UAW, Dems rally against TPP trade agreement

Michael Wayland
The Detroit News

Toledo — Cori Lortz’s father, an American union worker, opposed the North American Free Trade Agreement in the 1990s. Now, more than 20 years later, she finds herself fighting against another trade policy: the Trans-Pacific Partnership.

“I saw how NAFTA destroyed my dad’s livelihood and I don’t want it to happen to me,” she said Monday at UAW Local 12 in Toledo. Lortz said her father, Larry Middlebrooks, lost his job at a packaging company after operations moved to Mexico as a result of NAFTA.

Lortz, who works at the Toledo Assembly Complex producing the Jeep Cherokee, was one of hundreds of union members and others to attend an anti-TPP forum featuring U.S. Sen. Sherrod Brown, D-Ohio, U.S. Rep. Marcy Kaptur, D-Toledo, and local UAW leaders.

The event aimed to rally those in attendance to write and call public officials to encourage them to stop a so-called “fast track” on the Trans-Pacific Partnership, or TPP — a free trade policy that has been under negotiation since the mid-2000s. It is one of a handful of such events occurring in Ohio with Brown and other officials.

Under “fast-track,” Congress can set the terms under which the U.S. negotiates but it does not allow the legislative branch to amend the trade agreement. It also allows Congress an up-or-down vote on trade deals without amendments.

Supporters of TPP have said it will open new markets for U.S. products, helping bolster U.S. manufacturing and job growth.

Opponents have argued that there should be no fast track process and that the government should openly debate the matter, fearing that the partnership could encourage job outsourcing and unfair working conditions.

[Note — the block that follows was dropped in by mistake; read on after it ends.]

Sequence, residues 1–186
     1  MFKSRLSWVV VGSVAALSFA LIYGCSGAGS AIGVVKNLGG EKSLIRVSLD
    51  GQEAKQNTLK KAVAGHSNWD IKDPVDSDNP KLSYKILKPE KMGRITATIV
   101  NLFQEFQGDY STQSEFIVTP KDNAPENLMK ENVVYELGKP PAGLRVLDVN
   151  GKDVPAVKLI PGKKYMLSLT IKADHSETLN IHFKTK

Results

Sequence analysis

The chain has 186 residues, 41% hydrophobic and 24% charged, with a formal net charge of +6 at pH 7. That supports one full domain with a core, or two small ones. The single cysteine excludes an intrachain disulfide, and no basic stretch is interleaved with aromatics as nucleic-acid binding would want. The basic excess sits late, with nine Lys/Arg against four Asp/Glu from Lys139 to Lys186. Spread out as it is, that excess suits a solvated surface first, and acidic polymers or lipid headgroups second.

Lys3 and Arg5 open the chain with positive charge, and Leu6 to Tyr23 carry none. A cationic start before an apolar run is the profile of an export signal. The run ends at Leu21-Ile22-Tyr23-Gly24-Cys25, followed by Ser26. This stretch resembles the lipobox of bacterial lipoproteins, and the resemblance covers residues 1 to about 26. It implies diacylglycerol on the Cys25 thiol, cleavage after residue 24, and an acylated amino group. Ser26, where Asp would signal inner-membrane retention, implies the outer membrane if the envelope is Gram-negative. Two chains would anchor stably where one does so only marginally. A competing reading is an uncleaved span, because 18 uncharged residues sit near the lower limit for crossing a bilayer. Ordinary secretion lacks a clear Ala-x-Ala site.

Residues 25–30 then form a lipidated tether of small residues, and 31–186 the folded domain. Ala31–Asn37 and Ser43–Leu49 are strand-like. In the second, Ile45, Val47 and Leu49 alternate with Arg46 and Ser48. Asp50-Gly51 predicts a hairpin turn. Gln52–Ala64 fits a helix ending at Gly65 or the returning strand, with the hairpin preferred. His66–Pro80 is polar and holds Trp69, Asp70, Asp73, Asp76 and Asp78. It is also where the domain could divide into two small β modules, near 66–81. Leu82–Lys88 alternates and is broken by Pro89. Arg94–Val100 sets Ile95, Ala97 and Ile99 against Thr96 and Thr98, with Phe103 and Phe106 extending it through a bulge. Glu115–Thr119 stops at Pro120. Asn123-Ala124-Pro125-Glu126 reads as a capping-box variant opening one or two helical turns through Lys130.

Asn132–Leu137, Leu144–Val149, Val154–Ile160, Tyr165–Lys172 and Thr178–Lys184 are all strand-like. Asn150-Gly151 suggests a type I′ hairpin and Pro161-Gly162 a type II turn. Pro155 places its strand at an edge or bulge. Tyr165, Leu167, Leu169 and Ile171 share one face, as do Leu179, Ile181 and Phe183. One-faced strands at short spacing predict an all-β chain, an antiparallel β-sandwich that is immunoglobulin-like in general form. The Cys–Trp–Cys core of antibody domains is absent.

“The individuals who advise presidents have forgotten to look inside the borders of the United States as aggressively as they look outside of the borders of the United States on trade,” Kaptur said after the event. “They have failed to recognize the impact that unfair trade agreements have on the American worker.”

The economies of the 12 countries involved in the TPP — Australia, Brunei, Canada, Chile, Japan, Malaysia, Mexico, New Zealand, Peru, Singapore, the U.S. and Vietnam — comprise 40 percent of the global economy.

At the UAW’s 2015 Special Bargaining Convention in Detroit last week President Dennis Williams said foreign governments that manipulate currency and put up barriers to imports in their own countries present new challenges to the economy.

“No one can afford to get this one wrong,” he said. “Our government cannot negotiate another bad trade agreement.”

Ford Motor Co. also has spoken out against TPP because it does not take a hard enough stance on currency manipulation and other issues.

Currency manipulation, also known as exchange rate intervention, is when a country uses its own currency and buys up foreign reserves like the U.S. dollar, weakening its own currency. A weak currency cheapens the price of a country’s exports, making them more attractive to international buyers by undercutting competitors.

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